Ron Onesti:  Mary Wilson, Martha Reeves and other Motown Memories

Man, as they say, it’s tough getting old.  It’s not really the aches and pains, the advances in technology or the expansion of my “boyish figure” that bothers me as the years advance.  What is hard to swallow (besides the handful of pills I take every day), is the loss of our icons and legends almost on a weekly basis.

This week, we lost a grand dame of pop music, Rock and Roll Hall of Famer, Mary Wilson.  As one of the co-founders of one of the most popular and successful female-backed bands in history, The Supremes, she cemented herself as a certified Pop-Culture legend.

She was always kind and very generous to the fans.  An accomplished author, actress and artists rights activist, she was filled with stories.  My favorite ones involved the first days at Motown.  And she was never shy to share them every time she played her all-hits show at The Arcada.

“We would answer phones, sweep the floors, record a hit, then have lunch with The Temptations in the kitchen,” she told me.  “Berry was a brother, a father and a friend.  He had the vision, and we had the talent.  We all lived around the corner from each other.  Some of us went to grade school together.  To watch that machine grow and to be a part of it all was incredible”.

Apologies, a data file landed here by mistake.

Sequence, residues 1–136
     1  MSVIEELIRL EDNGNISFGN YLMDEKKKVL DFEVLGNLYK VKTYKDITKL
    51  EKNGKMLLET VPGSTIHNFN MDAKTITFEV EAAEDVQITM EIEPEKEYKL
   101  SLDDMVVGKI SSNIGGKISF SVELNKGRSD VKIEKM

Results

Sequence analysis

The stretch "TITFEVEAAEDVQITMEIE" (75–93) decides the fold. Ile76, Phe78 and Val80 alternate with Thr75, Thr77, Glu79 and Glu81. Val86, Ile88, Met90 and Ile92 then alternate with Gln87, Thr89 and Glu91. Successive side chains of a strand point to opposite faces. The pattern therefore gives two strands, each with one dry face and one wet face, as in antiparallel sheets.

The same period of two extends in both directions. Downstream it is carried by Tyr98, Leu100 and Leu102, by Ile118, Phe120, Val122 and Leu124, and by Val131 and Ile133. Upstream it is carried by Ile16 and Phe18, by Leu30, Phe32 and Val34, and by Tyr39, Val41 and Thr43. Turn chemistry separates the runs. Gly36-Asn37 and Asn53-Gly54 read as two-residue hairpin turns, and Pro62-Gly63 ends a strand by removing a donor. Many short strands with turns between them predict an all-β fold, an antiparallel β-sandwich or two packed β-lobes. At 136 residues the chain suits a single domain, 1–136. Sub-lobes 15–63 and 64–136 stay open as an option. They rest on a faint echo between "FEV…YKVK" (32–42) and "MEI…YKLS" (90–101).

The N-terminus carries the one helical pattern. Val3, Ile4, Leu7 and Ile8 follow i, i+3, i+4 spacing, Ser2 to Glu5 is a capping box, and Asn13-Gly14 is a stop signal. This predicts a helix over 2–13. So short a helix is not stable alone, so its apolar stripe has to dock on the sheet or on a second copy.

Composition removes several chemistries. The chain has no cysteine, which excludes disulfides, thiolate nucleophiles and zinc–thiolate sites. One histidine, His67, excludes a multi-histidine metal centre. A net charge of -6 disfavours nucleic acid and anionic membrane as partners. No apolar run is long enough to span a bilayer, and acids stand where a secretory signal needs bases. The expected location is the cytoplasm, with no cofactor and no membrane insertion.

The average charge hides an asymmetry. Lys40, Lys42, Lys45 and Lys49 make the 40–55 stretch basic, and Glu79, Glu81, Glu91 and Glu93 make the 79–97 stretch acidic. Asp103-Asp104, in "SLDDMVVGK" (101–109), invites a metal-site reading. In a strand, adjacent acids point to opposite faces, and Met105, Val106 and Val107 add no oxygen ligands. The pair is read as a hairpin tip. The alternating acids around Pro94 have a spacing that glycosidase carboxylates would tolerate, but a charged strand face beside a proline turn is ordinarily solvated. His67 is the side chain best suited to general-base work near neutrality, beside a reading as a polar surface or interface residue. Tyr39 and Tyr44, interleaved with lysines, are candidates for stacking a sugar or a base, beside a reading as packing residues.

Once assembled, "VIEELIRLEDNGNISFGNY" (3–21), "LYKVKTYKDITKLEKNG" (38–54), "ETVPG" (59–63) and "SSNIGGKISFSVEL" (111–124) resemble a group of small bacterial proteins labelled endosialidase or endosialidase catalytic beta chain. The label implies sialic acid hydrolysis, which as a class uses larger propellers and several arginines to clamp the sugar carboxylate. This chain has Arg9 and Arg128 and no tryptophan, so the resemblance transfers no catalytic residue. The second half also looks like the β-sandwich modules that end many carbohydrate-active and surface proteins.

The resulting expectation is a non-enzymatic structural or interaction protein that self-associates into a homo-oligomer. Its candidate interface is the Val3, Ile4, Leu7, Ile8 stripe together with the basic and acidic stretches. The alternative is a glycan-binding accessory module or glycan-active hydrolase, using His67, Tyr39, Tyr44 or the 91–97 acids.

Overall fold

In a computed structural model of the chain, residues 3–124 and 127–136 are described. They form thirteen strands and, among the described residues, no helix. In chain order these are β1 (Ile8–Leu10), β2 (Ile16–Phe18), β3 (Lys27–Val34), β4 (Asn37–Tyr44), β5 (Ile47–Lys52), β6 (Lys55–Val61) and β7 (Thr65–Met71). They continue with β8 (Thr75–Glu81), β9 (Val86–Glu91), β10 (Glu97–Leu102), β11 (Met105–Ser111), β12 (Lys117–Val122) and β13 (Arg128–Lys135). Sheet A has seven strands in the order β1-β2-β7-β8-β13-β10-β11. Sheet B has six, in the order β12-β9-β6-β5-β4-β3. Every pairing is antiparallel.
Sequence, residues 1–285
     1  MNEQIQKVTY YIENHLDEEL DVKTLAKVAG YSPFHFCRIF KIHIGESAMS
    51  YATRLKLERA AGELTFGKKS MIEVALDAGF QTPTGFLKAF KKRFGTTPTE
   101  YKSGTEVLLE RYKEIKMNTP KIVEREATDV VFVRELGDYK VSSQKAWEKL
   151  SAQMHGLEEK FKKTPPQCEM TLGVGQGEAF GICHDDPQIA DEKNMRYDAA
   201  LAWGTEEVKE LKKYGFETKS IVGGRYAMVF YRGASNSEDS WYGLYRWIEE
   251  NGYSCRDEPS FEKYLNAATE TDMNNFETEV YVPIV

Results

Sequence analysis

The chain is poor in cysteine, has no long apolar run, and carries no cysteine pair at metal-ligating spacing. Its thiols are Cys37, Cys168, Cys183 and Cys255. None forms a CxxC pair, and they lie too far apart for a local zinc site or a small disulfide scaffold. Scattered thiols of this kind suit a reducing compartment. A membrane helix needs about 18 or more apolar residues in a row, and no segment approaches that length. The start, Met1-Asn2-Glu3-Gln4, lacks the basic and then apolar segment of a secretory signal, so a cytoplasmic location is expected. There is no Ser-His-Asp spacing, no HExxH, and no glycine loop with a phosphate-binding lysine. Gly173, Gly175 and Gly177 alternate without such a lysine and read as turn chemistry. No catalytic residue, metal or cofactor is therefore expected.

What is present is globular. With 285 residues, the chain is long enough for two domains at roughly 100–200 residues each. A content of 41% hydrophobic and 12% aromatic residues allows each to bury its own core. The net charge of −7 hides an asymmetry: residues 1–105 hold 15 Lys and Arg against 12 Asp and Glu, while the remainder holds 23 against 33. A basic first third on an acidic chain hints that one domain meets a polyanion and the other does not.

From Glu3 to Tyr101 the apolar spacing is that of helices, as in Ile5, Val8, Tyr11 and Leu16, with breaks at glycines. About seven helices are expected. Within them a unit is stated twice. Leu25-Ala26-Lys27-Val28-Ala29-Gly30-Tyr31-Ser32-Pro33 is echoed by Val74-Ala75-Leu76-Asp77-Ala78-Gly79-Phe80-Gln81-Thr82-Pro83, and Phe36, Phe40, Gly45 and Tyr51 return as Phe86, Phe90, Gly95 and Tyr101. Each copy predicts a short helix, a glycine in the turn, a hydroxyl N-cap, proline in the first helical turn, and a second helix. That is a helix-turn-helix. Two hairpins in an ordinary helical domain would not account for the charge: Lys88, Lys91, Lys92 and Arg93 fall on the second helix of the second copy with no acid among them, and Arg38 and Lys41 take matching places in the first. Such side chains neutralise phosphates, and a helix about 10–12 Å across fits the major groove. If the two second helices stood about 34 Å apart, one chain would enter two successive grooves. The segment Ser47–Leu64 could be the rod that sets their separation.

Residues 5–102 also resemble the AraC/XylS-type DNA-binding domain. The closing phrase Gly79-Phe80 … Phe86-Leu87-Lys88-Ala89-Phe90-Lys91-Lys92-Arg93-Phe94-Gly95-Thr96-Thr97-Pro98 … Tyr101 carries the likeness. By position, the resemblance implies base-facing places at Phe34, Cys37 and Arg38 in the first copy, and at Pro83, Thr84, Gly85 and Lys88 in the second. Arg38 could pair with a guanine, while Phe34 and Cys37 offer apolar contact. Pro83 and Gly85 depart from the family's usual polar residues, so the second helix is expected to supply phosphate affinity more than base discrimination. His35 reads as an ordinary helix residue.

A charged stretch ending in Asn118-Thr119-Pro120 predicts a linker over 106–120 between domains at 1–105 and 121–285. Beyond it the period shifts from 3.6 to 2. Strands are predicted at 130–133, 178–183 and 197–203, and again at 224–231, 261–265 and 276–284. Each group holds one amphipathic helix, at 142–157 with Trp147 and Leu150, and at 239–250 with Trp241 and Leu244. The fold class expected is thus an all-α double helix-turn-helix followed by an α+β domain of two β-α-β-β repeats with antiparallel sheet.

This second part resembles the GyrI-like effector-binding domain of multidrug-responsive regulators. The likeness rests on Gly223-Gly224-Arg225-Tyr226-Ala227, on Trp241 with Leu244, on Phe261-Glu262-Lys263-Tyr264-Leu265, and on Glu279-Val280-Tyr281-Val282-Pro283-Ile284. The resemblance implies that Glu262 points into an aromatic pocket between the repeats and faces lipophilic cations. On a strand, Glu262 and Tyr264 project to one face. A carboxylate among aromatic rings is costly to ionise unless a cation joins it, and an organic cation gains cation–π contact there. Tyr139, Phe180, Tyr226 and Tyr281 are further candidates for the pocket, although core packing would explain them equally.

Songwriter Berry Gordy, Jr. achieved his first major success by penning the Jackie Wilson smash, “Lonely Teardrops”.  But after being grossly disappointed with the dollars he realized from the record company, Berry decided to start his own label.

With an $800 loan from his family and the royalties from his work with Jackie Wilson, he purchased a single-family bungalow on Grand Boulevard and named it, “Hitsville U.S.A.”.  Many of his family members joined the team, and on January 12, 1959, TAMLA Records was born.

Gordy loved the song, “Tammy” sung by Debbie Reynolds for the film of the same name, for which she starred.  Being that he could not legally use the name, he named his company, “Tamla”.  But shortly it morphed into “MOTOWN” joining “Motor City” and “Town” together.

Motown’s first Vice President was a neighborhood boy who was also the lead singer for Tamla’s first group signed to the label (aside from Wilson), The Matadors.  His name was William Robinson.  The Matadors became “The Miracles”, and William became “Smokey”.  And Smokey Robinson eventually named his daughter “Tamla” and his son, “Berry”.  Talk about a “Company Man”!

Detroit has suffered some major economic challenges, that’s for sure.  But it is on its way back to being a strong, vibrant city.  And although Motown Records is no longer located there, the original “Hitsville U.S.A” remains, almost as if time stood still.

Each room is how it was in the 60s and 70s when The Temptations, The Supremes, Little Stevie Wonder, The Four Tops, and so may more ultimate legends hung out on a daily basis.